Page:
More after the break.
I don’t normally recommend online courses, but seeing as what they’re teaching isn’t really being taught anywhere else at the moment at this general basic level, it’s worth sharing.
3Dprint.com is running a series of Beginner Design for 3D Printing and Advanced Design for 3D Printing online courses. These are courses designed for providing individuals with essential knowledge of preparing CAD models for 3D printing, and basic tolerances and design principles for building objects for 3D printing in plastic and other materials. Considering this information is always useful for CAD designers and only taught in a few places (besides my own courses), I reckon it’s worthwhile. We’ve missed the early bird registration, but there is still time to enrol for the summer courses starting on 20 June.
Their site and presentation is a fascinating study in ways to make 3D printed products appeal as a premium product to the current 25-35 year old middle income consumer market. It also shows what a website would look like when an artisan boutique is created to sell mostly or fully 3D printed retail products.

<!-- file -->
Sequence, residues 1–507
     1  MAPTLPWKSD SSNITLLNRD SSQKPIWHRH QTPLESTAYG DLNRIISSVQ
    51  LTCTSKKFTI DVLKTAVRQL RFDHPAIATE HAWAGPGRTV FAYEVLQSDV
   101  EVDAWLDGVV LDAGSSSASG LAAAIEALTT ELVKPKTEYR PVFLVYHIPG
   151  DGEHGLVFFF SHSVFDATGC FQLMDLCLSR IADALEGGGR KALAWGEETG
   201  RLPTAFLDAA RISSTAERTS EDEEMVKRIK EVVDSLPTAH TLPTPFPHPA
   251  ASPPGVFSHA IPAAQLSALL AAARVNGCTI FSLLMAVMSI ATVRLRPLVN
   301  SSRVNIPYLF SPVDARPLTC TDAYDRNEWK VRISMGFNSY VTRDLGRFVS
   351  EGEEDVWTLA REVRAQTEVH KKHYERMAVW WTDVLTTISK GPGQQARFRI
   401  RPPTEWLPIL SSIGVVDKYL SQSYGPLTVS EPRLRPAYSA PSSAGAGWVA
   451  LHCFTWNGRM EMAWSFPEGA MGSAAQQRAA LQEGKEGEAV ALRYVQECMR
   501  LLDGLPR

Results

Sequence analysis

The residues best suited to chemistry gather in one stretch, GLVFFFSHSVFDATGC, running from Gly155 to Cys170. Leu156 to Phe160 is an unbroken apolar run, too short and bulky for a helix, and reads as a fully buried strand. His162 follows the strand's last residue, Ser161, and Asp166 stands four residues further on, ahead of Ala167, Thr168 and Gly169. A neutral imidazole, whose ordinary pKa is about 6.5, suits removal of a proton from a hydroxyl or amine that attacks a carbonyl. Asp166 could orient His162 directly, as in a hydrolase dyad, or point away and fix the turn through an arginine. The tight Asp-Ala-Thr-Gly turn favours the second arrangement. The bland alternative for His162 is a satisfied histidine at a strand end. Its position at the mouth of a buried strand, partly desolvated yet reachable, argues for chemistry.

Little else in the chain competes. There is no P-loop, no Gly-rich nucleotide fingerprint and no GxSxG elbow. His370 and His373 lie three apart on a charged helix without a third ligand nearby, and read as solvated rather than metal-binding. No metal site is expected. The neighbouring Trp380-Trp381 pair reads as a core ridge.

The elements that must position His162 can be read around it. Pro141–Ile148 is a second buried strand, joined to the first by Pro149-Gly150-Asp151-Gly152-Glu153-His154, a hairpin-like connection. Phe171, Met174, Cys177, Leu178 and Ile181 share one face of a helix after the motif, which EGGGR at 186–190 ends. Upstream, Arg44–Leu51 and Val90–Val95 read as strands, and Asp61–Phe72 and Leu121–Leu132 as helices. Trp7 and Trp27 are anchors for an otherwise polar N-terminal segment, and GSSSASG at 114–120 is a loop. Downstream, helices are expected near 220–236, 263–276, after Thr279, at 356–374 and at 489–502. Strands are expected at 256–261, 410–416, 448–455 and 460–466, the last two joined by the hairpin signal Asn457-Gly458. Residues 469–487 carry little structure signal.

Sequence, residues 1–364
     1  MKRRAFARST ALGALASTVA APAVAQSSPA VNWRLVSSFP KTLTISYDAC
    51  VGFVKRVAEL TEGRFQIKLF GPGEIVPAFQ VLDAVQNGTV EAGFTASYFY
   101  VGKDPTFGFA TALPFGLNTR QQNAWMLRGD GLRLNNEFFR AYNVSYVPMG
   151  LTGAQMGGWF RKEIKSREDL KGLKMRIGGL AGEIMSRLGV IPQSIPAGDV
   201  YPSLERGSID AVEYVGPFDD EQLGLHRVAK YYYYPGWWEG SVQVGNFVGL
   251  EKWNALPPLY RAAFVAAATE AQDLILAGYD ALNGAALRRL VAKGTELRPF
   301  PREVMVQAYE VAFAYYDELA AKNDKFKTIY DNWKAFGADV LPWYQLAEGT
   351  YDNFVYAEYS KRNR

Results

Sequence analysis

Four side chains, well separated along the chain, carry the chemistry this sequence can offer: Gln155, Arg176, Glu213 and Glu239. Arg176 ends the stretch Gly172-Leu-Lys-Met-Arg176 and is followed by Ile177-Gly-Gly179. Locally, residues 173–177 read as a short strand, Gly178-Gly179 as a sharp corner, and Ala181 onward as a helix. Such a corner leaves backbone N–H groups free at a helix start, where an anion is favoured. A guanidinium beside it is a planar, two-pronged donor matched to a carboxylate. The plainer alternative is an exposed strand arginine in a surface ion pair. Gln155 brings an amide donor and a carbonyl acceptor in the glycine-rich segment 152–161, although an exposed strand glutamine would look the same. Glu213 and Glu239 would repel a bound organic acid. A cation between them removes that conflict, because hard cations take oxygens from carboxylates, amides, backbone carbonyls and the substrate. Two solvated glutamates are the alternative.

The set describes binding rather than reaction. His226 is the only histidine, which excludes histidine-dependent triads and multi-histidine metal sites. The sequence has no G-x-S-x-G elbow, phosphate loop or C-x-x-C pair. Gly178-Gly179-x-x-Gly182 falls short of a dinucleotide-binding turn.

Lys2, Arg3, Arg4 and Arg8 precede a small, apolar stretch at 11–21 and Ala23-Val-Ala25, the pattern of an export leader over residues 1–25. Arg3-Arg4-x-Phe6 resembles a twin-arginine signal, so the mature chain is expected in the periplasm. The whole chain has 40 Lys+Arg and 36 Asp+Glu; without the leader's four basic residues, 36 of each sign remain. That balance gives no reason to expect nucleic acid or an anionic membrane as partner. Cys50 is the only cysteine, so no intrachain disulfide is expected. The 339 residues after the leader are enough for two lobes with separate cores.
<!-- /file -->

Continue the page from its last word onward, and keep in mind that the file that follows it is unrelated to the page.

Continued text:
This marks an interesting evolution in the development of the CAD/CAM and 3D printing in the jewellery market. While we have talked about how CAD/CAM is portrayed to customers in the jewellery market before, it seems we are now seeing several distinctly different business strategies evolve which use 3D printing as a key component not only for manufacturing, but also for retail presentation. Each of these strategies shows how CAD/CAM is used and presented in a different target market.
Kali is a graduate of the Royal College of Art who has studied under several jewellery and silversmithing masters before collaborating with a few London-based fashion labels. What makes her work so interesting is the diversity of approaches she’s willing to take to make the piece she wants, combining resourceful application of Rhino and Zbrush with laser engraving and control over metal and leather to make quite diverse (yet cohesive) forms.
More examples of her work after the break. Continue reading